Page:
If your grad is thinking about a career in streaming, they’re going to need the proper equipment to get started. It’s best to start out small, and the Stream Deck Mini is a nice, affordable way to dip their toe in the water. The Deck’s six buttons give budding streamers one-touch access to popular functions like lighting, audio and emotes. And it’s super easy to set up — just drop and drag in the software. Becoming a famous streamer can be a lot of work, and the Stream Deck just makes it a bit easier to handle.

Razer Thunderbolt 4 Dock Chroma

The end of college means that it’s time to settle down from lugging a laptop to the campus library and finally setting up a permanent workstation at home. But starting a career doesn’t mean your grad can’t have fun and, besides, they probably don’t have a lot of space to work with, so doubling up their gaming and work setups is essential. This dock ensures they can plug all the needed peripherals into their USB-C laptop and know they’ll always work, and it looks pretty good too.

Logitech Litra Glow

Another key item to a successful streaming career is the lighting. After all, someone can’t be an on-camera personality if you can’t see them on camera. But ring lights can be expensive, unwieldy or just hard to set up. Logitech makes all those problems go away with its Litra Glow streaming light. This compact light can clip on the top of a laptop for on-the-go streaming while also providing soft all-over illumination — no telltale rings in your grad’s eyes when they stream.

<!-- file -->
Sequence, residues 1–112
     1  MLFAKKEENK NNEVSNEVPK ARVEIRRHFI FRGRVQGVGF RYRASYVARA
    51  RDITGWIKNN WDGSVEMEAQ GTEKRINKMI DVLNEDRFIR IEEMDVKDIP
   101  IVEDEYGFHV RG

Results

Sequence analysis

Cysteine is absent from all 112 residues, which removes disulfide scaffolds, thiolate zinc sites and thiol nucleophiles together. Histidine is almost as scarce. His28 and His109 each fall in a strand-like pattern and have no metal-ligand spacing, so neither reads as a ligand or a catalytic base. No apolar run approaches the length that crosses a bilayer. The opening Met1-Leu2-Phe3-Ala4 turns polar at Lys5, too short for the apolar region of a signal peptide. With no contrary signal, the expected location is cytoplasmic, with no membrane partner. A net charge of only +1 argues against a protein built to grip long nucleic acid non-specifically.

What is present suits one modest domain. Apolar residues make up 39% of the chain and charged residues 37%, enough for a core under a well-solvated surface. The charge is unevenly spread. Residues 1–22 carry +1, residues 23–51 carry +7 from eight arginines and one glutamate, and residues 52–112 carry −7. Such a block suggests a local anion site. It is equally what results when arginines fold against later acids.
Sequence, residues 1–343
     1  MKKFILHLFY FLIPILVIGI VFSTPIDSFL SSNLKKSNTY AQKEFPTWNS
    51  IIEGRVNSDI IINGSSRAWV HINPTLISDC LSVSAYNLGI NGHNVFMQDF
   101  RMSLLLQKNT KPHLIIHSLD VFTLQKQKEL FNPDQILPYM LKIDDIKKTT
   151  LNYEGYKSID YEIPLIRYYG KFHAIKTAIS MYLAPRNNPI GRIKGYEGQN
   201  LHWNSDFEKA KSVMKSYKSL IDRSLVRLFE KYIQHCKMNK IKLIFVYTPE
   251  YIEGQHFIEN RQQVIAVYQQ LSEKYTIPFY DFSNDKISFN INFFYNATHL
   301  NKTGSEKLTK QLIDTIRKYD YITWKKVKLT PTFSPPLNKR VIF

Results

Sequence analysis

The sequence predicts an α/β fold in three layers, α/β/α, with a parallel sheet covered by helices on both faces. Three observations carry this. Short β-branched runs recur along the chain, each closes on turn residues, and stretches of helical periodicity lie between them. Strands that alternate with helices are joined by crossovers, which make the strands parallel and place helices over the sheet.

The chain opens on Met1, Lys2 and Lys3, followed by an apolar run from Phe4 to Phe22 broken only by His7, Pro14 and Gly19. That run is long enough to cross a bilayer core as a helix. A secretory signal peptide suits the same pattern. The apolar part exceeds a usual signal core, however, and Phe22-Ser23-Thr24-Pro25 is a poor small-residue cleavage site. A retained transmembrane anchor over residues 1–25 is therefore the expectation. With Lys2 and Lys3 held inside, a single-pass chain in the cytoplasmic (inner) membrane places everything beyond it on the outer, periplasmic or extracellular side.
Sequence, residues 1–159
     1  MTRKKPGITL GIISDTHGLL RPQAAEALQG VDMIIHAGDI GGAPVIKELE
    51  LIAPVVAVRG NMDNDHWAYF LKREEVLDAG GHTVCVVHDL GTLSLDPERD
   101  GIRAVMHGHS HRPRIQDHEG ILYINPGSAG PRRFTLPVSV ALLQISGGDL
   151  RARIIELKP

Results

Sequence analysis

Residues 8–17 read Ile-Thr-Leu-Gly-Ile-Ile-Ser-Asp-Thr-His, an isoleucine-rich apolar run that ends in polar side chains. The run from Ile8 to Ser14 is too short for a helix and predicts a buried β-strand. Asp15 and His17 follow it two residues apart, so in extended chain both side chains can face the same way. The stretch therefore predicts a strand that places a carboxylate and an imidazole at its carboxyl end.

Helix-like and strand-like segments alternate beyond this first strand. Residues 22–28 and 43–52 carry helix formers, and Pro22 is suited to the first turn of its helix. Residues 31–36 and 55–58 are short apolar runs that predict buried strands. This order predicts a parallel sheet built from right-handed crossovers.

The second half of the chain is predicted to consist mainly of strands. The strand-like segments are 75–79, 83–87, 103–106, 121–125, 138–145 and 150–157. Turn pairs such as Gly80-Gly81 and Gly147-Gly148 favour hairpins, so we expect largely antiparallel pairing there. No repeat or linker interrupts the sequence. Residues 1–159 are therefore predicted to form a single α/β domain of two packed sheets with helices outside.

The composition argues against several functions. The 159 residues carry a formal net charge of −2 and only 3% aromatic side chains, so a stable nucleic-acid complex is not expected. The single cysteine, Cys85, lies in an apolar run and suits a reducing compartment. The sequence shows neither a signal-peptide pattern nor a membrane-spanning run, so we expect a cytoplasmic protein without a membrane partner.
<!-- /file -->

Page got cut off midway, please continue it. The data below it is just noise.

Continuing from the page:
Timbuk2 CS03 Crossbody Sling

No more classes means your grad can slim down in the backpack department. But if they’re a gamer they’re still going to need something with lots of pockets to store cables and cards. Gaming accessory maker SteelSeries and shoulder bag company Timbuk2 have collaborated on a pair of bags made for the gaming lifestyle, and the smaller CS03 is perfect for carrying around a Nintendo Switch, headphones and other mobile gaming accessories. This crossbody bag may remind you of a fanny pack, but it has way more pockets for cords and game cards, and a padded lining to keep delicate LCD screens safe from scratches.

SteelSeries Rival 5 Gaming Mouse

Gaming mice are great for a lot more than just gaming — they’re great for school and work, so if your grad doesn’t already have one, why not upgrade them to the versatile Rival 5? Its curved shape feels great in the hand and the customizable lighting isn’t too flashy so it works for both home and office. Players will appreciate the array of nine programmable buttons that fit all genres of gaming, including popular titles like Fortnite and Genshin Impact to deeper strategy experiences like the Civilization series.

Razer Huntsman Mini Linear

We’re big proponents of gaming keyboards here at Engadget, even if you don’t play on a PC all that much. That said, we understand that not everyone has the room for a giant deck at their home. That’s why the recent trend of 60 percent keyboards is a huge plus: now anyone can enjoy sweet, high-quality typing action without having to completely clear off a desk to get it. Gamers and non-gamers alike will appreciate the Huntsman Mini’s swift key response, while everyone else in the room will appreciate the quiet linear switches.

The Legend of Zelda: Tears of the Kingdom

Graduations are big, momentous events, and so are new mainline Zelda games. Why not tie the two together by setting your recent grad with this epic, world-spanning title that is sure to keep them busy all summer? (And we mean busy – have you seen the latest trailer?) It’ll be a nice bit of immersive escapism while they’re trying to figure out what to do next with their life.

Switch Sports

Your grad is an adult now, and being an adult means bills, working and taking care of your health. Rather than let it be just another dull chore they have to deal with, why not keep them active with this collection of games that will get them moving? All your favorite motion-controlled sports are here, including golf, tennis and yes, bowling. It’ll be a great chance to bond too, as you regale your grad with tales of long ago Wii Sports glory.